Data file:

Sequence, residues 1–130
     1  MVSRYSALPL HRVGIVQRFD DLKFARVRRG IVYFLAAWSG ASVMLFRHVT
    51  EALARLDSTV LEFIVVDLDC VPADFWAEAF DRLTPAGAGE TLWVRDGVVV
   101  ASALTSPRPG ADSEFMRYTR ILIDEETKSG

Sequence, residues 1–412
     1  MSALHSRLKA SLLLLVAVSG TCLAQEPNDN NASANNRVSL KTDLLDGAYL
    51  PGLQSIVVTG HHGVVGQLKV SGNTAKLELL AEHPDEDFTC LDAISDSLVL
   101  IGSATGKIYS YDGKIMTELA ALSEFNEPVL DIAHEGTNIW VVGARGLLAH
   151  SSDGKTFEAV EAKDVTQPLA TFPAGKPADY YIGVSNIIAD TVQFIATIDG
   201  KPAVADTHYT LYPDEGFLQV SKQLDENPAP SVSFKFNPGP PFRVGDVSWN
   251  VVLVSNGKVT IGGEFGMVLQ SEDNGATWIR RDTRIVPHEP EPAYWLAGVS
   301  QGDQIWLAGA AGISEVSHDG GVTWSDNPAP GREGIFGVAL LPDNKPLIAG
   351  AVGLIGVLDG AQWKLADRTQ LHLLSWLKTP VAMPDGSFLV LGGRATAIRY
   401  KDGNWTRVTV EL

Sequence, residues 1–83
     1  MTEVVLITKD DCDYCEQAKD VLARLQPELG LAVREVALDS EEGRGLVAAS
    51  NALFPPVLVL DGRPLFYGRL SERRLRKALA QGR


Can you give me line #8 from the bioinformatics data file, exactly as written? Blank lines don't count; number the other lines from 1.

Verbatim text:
   101  IGSATGKIYS YDGKIMTELA ALSEFNEPVL DIAHEGTNIW VVGARGLLAH